From Tel Aviv, a driver/guide took us to the most eastern point of Israel—the Dead Sea.
We visited 'Ein Gedi Sea of Spa', where we had a wonderful 90 minute massage-- very much needed after so much traveling. Right after waking up from the massage we put on our bathing suits and headed to the "mud".
It is said that the black mud from the Dead Sea improves skin's natural processes, eases rheumatic pains and relaxes muscles, but all I could feel was the relief of putting something cold on my skin to alleviate the burning sensation of the middle eastern sun.
I like to research every place I am visit, but because the trip here was sort of a last minute decision, I didn't come prepared. As we got to the beach I almost started to run towards the water to soon realize that my feet weren't ready for it. The bottom is slippery and in some areas you feel as if you were walking on a reef. Note to self: "Must bring water shoes to the Dead Sea".
Imagine my surprise...
I am very excited to get into the Dead Sea but I've just realized that I can't run nor walk fast enough to get there and enjoy the water. I am sweating and about to faint because of the heat. I finally get there and... (drumroll please!) the water is HOT! I don't mean warm/nice, I mean "jacuzzi hot". HOT!
Thankfully, just the excitement about being there was enough to make us forget about the heat.
This place is one of the most serene places I've ever experienced. The silence is ethereal.
Taking a moment to enjoy the view— with Jordan on the horizon.
Can't decide what is hotter: to be in or out of the water!
I finally got myself into the water as I had to experience 'floating in the Dead Sea'. I thought it would be just easier to float but the minute I laid back I felt as if my body was being pushed up— the feeling was unexpected yet very relaxing. The "floating push" was so intense that it was hard to stand back again on my feet.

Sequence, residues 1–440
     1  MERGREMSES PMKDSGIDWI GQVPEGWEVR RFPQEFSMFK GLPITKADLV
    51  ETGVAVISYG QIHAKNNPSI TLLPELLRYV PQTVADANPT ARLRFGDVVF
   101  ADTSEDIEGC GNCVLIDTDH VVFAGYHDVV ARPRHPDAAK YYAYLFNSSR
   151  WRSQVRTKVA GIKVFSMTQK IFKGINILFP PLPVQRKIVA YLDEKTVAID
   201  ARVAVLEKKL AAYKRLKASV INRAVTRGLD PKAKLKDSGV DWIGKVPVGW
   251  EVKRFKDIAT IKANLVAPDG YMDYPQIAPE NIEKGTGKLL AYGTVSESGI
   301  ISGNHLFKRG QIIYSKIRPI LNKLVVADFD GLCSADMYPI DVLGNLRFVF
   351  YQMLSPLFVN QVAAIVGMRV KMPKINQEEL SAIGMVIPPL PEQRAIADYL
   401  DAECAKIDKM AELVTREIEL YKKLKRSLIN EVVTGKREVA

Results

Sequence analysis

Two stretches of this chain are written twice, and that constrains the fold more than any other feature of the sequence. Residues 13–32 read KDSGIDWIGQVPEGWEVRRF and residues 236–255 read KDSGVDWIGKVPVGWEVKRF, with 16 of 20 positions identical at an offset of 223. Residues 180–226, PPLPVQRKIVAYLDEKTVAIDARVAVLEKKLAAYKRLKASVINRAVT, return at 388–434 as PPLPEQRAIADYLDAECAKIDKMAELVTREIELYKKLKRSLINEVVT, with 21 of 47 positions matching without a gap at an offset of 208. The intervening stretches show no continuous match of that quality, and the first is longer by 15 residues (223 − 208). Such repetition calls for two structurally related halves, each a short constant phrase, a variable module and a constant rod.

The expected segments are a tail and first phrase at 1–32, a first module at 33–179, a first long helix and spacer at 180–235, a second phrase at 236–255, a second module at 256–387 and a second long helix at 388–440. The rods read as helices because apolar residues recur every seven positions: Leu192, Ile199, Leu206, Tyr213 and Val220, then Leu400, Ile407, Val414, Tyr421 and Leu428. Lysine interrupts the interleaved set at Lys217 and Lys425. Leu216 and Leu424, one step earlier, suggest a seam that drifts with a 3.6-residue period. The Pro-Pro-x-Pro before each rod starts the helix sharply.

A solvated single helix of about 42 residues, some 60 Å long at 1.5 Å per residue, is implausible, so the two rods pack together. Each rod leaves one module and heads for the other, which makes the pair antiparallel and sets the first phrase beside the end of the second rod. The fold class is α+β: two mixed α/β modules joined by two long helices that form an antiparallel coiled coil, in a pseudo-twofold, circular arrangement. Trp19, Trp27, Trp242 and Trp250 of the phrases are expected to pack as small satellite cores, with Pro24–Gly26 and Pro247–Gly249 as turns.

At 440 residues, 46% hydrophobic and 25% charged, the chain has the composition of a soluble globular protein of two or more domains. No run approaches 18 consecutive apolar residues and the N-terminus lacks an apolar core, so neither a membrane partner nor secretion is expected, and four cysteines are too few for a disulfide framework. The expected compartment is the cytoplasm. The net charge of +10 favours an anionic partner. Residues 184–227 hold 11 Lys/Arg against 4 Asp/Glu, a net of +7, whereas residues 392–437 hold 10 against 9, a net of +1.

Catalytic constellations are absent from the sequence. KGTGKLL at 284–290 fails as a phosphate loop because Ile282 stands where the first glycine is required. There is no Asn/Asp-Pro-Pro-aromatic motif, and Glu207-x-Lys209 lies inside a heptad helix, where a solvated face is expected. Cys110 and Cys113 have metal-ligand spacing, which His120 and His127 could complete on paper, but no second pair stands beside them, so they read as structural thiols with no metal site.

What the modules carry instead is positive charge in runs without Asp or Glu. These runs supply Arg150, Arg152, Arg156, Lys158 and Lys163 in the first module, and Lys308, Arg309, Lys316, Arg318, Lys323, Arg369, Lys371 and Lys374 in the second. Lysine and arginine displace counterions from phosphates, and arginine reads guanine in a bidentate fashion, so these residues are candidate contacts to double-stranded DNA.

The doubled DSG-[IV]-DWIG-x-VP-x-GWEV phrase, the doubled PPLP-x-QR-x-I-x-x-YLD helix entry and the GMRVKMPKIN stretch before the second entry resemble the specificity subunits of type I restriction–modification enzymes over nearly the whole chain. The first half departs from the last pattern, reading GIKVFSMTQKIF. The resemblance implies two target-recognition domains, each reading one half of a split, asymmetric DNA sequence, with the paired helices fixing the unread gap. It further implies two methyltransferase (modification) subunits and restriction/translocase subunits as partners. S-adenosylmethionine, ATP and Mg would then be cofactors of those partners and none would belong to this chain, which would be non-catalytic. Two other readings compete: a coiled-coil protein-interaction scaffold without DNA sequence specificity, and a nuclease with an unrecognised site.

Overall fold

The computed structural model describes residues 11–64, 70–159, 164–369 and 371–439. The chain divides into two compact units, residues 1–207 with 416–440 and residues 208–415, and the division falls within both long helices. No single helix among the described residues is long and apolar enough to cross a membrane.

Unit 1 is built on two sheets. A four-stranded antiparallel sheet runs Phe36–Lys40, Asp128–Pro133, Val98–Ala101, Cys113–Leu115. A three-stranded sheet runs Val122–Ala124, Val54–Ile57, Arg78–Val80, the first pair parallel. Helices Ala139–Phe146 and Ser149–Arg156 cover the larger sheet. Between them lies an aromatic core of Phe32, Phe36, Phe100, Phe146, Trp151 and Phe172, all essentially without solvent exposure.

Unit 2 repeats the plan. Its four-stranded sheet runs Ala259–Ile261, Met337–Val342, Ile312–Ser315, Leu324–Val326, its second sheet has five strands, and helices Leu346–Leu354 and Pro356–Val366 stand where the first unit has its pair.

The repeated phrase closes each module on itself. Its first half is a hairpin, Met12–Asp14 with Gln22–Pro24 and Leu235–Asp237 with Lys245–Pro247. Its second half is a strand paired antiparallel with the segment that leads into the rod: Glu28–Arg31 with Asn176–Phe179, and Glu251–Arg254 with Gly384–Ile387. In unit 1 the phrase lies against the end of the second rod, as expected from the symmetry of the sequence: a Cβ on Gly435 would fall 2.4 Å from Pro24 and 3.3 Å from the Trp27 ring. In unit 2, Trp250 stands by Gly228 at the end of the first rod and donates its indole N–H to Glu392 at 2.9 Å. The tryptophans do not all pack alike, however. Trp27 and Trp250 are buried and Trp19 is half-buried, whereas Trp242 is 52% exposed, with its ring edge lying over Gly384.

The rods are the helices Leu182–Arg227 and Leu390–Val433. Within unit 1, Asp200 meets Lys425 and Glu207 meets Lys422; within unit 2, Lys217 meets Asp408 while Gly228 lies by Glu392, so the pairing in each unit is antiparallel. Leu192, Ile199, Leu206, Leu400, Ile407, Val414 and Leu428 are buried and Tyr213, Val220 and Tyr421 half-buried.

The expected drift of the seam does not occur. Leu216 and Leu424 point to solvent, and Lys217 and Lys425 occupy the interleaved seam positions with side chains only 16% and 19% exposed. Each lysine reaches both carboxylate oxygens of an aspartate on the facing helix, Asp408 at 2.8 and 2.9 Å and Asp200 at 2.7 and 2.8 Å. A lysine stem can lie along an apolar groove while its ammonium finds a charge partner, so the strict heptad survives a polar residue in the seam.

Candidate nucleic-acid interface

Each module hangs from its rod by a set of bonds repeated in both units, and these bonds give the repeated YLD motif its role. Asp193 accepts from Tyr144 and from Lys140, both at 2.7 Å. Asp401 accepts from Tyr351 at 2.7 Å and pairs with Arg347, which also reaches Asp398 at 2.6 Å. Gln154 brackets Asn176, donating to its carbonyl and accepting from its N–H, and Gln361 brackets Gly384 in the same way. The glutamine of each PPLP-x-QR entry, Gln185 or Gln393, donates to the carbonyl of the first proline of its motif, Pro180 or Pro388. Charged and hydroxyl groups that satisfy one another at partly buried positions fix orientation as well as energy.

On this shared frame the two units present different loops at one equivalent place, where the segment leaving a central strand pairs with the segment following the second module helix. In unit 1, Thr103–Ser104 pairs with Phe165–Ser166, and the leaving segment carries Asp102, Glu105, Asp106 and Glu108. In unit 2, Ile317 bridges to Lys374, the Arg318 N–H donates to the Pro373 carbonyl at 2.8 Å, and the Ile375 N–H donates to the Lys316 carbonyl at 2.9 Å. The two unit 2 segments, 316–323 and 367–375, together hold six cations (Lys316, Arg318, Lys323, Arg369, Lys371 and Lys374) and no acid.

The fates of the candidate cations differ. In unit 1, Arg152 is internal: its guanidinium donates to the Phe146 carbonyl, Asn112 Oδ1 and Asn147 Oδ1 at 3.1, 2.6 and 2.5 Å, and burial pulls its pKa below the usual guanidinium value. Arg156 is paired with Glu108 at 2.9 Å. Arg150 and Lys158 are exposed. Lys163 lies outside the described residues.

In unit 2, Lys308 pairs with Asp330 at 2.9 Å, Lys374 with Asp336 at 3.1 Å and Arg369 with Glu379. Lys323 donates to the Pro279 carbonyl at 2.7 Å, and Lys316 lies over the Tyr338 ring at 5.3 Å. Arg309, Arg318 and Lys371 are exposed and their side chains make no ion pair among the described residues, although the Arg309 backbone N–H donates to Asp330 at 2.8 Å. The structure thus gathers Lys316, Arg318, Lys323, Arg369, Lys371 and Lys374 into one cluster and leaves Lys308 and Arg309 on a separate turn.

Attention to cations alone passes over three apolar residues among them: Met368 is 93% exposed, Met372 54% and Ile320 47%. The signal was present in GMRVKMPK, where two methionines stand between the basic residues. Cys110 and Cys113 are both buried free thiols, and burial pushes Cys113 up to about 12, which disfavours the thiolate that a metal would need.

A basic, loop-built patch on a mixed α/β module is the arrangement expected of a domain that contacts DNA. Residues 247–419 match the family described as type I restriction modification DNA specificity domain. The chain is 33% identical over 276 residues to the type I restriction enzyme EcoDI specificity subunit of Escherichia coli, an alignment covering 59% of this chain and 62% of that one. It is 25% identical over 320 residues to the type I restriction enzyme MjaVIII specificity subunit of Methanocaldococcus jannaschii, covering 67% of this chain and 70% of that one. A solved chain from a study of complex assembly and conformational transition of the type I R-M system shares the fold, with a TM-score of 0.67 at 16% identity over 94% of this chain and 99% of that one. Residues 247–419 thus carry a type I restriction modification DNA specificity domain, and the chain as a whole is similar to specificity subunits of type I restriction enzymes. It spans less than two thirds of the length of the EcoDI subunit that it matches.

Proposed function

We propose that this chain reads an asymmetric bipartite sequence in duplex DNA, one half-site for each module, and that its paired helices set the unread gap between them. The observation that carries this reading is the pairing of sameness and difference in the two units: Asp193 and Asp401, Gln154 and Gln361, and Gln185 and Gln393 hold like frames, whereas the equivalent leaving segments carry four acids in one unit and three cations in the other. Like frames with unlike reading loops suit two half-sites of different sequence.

No caption needed.
I was looking forward to seeing camels, but not quite like this. "Pay to ride a camel" felt the same way as the "pay for a horse-drawn carriage ride around NY's Central Park"— disagreeable.
Our guide then took us here. Masada, an Israeli National Park and UNESCO World Heritage Site.
Here, we took the cable car to get to the top of the mesa.
The place is of great significance to Jews as it is the place where the last Jewish stronghold against Roman invasion stood. For many Jews it symbolizes the determination of their people to be free. I invite you to read the story or watch the movie.
The view from the top is magnificent.
The place is so beautifully serene that you almost forget about the heat.
Many have asked me about the jewelry I've been wearing throughout this trip. I did not get in Israel although we did meet and signed some amazing Israeli jewelers. The jewelry is from Kei Jewelry (www.keijewelry.com/) and the scarf is a thrift find from Jaffa's flea market.
Even though a risky move at the time because of the heat, I decided to go back down through the Snake Path. It is not every day that I get to hike down a World Heritage Site in Israel while admiring the beauty of the Dead Sea and Jordan in the horizon.
Here, Pola and I parted ways. Because of her twisted ankle (a "funny" moment in Lake Como, Italy) she took the cable car back down and I went on an unforgettable hike down Masada. I made it an hour later and we headed to Jerusalem.
ISRAEL PART III: Jerusalem (coming later this week)